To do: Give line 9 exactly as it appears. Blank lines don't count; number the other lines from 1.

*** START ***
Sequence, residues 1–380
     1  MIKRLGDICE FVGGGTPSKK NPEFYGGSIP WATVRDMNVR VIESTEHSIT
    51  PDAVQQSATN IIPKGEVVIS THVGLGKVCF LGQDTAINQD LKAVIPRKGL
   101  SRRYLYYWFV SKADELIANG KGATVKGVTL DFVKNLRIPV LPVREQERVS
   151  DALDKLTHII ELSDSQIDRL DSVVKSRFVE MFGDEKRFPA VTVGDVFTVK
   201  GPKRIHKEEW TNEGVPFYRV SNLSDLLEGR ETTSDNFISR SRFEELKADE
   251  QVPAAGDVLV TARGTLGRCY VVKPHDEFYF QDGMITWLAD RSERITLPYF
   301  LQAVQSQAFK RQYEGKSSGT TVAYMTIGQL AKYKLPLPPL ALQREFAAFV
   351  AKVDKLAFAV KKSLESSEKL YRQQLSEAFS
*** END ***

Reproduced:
   351  AKVDKLAFAV KKSLESSEKL YRQQLSEAFS